How You Can Harness the Positivity Hidden in Your Depression
Hopelessness is a defining feeling of depression, and one that makes you feel like you have no lifeline to treatment. But what you might not realize is that hidden in your depression is the potential for adaptive thoughts that can make way for positivity, which can, in turn, be used to support your recovery through self-exploration.
“I was drawn to all the wrong things: I liked to drink, I was lazy, I didn’t have a god, politics, ideas, ideals,” said poet and novelist Charles Bukowski of his depression. “I was settled into nothingness; a kind of non-being, and I accepted it. I didn’t make for an interesting person. I didn’t want to be interesting, it was too hard. What I really wanted was only a soft, hazy space to live in, and to be left alone.”
Finding hope when you’re depressed is tough—even summoning the motivation to try can feel exhausting, and trying to maintain an optimistic outlook may appear pointless. But as counterintuitive as it might seem, being depressed can be used to create positivity. You don’t need to wait until you feel better, you can start creating it now—all you need is the right environment and an understanding of how even your lowest moment can be transformed into something positive.
Making Way for Positivity
Hearing someone tell you to “cheer up” or “focus on the positive” when you’re depressed can be frustrating, because it doesn’t change anything—you still feel stuck in a mental rut, and most of the time this can’t be changed without treatment. It also paints your depression as something that can easily be fixed, perhaps even subtly implying that it’s your fault—as if you’re only depressed because you’re allowing yourself to dwell on depressing thoughts.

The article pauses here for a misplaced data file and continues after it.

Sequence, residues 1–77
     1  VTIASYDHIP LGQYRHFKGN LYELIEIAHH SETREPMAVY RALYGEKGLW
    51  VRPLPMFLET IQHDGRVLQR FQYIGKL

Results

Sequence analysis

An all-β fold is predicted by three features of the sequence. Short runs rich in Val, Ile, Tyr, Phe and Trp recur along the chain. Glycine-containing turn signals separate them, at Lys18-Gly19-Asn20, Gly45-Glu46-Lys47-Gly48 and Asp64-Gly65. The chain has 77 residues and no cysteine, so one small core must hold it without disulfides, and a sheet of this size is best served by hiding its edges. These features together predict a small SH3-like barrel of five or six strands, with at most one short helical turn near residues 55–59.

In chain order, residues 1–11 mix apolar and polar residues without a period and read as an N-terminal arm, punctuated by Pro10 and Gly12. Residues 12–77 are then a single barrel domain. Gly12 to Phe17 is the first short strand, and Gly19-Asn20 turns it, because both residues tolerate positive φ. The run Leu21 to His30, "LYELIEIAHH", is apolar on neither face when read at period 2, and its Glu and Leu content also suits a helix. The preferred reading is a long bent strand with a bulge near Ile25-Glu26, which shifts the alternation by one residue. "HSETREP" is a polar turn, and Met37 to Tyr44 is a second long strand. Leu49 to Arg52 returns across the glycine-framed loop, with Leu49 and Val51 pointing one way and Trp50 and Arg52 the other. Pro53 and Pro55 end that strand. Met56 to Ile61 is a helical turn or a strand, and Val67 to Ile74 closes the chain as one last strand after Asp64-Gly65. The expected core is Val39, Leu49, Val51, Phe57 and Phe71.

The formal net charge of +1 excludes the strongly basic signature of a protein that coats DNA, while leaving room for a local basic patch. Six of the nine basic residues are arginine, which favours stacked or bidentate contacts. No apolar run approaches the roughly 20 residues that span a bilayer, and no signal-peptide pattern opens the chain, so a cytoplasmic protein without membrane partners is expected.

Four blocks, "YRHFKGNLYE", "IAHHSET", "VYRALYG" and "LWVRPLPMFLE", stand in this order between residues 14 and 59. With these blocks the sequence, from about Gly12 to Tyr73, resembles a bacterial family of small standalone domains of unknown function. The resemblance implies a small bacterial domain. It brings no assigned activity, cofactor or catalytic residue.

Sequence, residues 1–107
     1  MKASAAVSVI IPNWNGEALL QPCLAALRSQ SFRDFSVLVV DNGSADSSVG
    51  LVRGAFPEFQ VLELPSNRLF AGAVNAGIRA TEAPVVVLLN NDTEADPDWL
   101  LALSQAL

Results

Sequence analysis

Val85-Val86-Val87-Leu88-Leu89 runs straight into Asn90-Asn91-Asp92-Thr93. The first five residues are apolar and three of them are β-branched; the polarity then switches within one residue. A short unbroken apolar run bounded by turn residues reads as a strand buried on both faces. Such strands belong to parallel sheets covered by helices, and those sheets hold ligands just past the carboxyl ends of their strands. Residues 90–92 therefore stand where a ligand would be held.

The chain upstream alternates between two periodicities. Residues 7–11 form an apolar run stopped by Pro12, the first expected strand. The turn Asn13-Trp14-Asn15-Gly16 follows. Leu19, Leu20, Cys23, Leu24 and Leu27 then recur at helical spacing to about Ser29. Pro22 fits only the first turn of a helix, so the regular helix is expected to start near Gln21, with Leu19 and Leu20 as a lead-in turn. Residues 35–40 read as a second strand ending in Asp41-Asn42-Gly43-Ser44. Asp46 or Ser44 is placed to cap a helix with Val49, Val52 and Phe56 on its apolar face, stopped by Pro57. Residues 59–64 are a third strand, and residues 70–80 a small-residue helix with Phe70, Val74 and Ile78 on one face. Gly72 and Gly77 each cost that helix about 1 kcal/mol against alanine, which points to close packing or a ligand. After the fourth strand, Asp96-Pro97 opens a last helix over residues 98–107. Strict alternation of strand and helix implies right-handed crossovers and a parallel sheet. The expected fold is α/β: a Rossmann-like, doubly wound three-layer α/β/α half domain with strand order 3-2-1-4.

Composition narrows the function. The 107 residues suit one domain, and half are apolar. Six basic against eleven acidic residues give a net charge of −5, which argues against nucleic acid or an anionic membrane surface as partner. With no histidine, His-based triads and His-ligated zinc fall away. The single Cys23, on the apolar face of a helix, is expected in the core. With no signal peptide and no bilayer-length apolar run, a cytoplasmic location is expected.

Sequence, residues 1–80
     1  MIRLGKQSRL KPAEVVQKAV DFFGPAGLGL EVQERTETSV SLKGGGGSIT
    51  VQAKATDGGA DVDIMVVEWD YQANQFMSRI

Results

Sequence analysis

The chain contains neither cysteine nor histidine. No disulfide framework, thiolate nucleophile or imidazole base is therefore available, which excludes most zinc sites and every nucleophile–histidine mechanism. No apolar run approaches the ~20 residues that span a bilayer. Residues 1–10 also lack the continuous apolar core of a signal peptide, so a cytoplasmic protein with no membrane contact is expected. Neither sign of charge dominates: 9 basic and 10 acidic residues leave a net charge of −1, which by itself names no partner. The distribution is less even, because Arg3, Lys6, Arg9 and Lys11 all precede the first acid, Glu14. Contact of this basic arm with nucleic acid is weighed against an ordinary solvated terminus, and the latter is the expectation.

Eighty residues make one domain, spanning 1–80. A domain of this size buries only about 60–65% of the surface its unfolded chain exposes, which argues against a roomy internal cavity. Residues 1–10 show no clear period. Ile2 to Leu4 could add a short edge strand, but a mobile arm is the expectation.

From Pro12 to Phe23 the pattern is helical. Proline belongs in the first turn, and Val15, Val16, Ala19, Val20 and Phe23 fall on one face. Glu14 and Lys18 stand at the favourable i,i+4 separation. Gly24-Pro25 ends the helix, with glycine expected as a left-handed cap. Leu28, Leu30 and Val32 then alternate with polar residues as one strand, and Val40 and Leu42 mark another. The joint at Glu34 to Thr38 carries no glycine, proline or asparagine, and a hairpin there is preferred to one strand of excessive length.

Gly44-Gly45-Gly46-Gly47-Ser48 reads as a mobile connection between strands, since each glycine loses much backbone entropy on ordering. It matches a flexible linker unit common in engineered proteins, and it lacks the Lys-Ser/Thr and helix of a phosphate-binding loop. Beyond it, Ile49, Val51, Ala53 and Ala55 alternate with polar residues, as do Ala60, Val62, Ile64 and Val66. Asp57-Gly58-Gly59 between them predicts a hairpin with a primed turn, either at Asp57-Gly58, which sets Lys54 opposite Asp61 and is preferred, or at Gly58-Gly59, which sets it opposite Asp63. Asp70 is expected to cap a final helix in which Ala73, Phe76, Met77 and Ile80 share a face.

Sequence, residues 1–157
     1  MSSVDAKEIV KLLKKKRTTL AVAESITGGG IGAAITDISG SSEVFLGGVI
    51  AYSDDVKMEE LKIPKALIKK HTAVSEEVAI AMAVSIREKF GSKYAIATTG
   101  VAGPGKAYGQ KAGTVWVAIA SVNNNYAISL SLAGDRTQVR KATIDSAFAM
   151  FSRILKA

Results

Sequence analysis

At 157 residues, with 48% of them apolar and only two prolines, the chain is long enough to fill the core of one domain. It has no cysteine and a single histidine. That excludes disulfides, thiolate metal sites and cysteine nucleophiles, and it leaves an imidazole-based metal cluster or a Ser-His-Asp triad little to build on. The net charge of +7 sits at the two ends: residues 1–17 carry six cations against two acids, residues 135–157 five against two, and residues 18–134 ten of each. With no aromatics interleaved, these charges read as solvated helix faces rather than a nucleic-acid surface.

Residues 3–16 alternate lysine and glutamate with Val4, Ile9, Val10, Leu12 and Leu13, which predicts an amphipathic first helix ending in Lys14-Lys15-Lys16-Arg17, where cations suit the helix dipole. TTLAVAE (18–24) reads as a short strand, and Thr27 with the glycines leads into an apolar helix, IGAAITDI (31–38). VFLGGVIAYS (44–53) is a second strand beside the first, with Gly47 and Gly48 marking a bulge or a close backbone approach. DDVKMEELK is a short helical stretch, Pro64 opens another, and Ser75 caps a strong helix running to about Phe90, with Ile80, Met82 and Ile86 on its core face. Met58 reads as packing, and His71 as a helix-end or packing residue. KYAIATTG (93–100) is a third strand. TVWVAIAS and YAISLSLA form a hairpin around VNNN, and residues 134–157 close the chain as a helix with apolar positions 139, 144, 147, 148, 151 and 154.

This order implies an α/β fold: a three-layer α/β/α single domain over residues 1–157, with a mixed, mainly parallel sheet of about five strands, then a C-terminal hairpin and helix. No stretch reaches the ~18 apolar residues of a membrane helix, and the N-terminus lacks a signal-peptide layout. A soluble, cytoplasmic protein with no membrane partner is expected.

In reality, depression is a serious mental health challenge that requires attention like any other illness, physical or mental. But through this attention, you can learn that there is positivity to be found in the midst of your depression, and although it might not be easy, with the right tools you can learn how to harness this positivity to progress on your path to recovery.
Improved Goal Management
“If we stop seeing depression simply as a psychological burden which just needs to be removed through therapy, we might also be able to use the patient’s crisis as an opportunity for personal development,” says Katharina Koppe, a psychology student at the Friedrich Schiller University Jena who examined the positives that can be harnessed in depression.
Koppe’s research on the potential upsides of depression supports this notion: her team found that people with depression have an easier time leaving unattainable goals behind. This ability to manage goals by keeping them realistic fosters positivity in the form of feeling a sense of accomplishment more often—after all, realistic goals are much more likely to be met than unrealistic ones. In a therapy setting, this becomes a valuable skill, as therapists help clients with depression identify impractical goals (which can be frustrating and, yes, depressing by nature) and let them go, replacing them with more practical alternatives that will better support the recovery process.
Processing Information at a Deeper Level